Suspicions swirl over disappearance of activist in Laos
Behind the wheel of her car, Ng Shui Meng last saw her husband in the jeep behind her, following her home for dinner on a Saturday night, she told human rights groups.
She lost sight of him somewhere near a police outpost. She came home. He did not.
The sudden disappearance of Lao activist Sombath Somphone, 60, has stirred fears for his fate. A grainy video of the Vientiane street where Sombath was last seen shows him being stopped and ultimately taken away, fueling suspicions that the government seized him.
But while Laos is the sort of country where something like that might happen, human rights groups say, it is unclear why it would happen to Sombath. His internationally recognized work centers on reducing poverty through sustainable development, but he is not especially critical of the Lao government.
Laos tried to dispel suspicion in a government statement issued this week, which said traffic police stopped Sombath in his jeep on Saturday night to check his license and car document under “normal procedures.” The Ministry of Foreign Affairs said the grainy security camera footage suggests Sombath may have been kidnapped afterward, perhaps because of a personal or business dispute.
Human rights activists were unconvinced, however, pointing out that police apparently did nothing to stop the supposed kidnapping near their own outpost. Human Rights Watch urged Laos to “come clean” on the disappearance of the respected activist.
“The clamor for his release is not going to go away,” said Brad Adams, its Asia director. “Lao authorities should immediately reveal his location and return him to his family.”
The Southeast Asian nation allows little dissent and ranks among the most repressive countries, according to the rights group Freedom House. The communist nation has gradually opened its economy, but freedom of speech and assembly are still tightly controlled. Shortly before Sombath disappeared, Lao officials reportedly expelled the head of a Swiss nonprofit organization for criticizing the state.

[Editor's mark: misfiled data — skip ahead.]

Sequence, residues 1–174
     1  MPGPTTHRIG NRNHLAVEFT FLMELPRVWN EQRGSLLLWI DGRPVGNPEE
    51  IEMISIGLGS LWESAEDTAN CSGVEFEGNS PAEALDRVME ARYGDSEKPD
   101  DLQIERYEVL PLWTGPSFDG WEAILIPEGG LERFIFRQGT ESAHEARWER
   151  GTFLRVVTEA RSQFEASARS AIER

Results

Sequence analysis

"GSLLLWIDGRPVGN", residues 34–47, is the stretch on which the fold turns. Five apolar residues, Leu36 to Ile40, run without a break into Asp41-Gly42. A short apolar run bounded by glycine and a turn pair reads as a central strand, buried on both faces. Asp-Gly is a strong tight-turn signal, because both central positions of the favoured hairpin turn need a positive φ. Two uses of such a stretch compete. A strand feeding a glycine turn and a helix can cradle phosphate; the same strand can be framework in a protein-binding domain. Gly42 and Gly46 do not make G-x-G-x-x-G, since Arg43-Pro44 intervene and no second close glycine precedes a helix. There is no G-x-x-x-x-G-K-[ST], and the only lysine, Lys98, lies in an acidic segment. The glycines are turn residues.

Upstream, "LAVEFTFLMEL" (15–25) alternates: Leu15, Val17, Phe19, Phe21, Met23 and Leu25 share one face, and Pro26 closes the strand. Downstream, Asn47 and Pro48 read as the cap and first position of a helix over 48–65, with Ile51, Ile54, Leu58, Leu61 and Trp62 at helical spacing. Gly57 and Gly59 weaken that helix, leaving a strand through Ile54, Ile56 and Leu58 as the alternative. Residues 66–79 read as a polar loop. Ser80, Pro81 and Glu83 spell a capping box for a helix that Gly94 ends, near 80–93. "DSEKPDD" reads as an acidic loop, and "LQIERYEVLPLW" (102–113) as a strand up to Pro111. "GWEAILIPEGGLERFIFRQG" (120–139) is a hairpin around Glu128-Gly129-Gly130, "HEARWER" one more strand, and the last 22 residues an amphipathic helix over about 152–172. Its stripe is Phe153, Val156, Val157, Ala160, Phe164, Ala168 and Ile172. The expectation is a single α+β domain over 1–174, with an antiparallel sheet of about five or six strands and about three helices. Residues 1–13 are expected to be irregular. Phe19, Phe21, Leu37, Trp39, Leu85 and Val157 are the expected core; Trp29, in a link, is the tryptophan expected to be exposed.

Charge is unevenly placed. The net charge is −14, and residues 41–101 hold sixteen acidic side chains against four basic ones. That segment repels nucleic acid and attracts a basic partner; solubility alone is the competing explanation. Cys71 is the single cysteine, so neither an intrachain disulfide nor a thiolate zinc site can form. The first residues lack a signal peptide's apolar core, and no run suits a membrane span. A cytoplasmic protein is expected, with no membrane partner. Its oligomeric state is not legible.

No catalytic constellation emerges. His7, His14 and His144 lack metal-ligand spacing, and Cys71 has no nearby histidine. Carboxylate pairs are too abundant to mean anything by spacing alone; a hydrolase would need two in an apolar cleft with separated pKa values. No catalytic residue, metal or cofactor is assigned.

A coworker of Sombath’s told the Associated Press that the activist might have been detained for taking part in an October regional meeting of civil society and nonprofit groups by authorities who misconstrued it as a political act. The goals of such nonprofits are often at odds with those of the Lao government as it tries to peel off its “least developed country” label, embracing rapid and untrammeled economic growth.
His ties abroad are “probably the most alarming aspect of his work” for the Lao government, said Andrew Billo, assistant director for policy programs at the Asia Society. “Laos is increasingly engaging with the outside world. The government is increasingly nervous about that relationship.”
“They want the assistance -- but they also want to maintain their sovereignty as a nation,” Billo said. “If Sombath had some dialogue about the aid trajectory for the country, that would definitely be seen as a threat or a potential threat to the government.”
Sombath has unusually strong ties abroad as a Lao activist: He won a University of Hawaii scholarship as a young man and returned to Laos to launch a wide range of programs, from improving education to helping small businesses sell sustainable products such as organic mulberry tea. Seven years ago, he was awarded the Ramon Magsaysay Award, regarded by many as the Nobel Peace Prize of Asia.
“His hopes rest with the young,” the awards foundation wrote when the honor was announced. “He urges them to remain mindful of their country’s traditional values even as global forces grow stronger. Development is good, he assures them, but for development to be healthy, it ‘must come from within.’ ”
Pressure from Western human rights organizations and the U.S. State Department, which said Tuesday that it had registered its concerns with Lao officials, could ensure that Sombath is not detained indefinitely, as it might have been able to do a decade ago, Billo said.
But “they need to be careful,” Billo added. “They don’t want to alienate Laos altogether because it has alternative allies in the region they can call on for support,” such as China. “They can’t let the country off the hook. It’s a delicate tightrope balance between engagement and holding the country accountable.”
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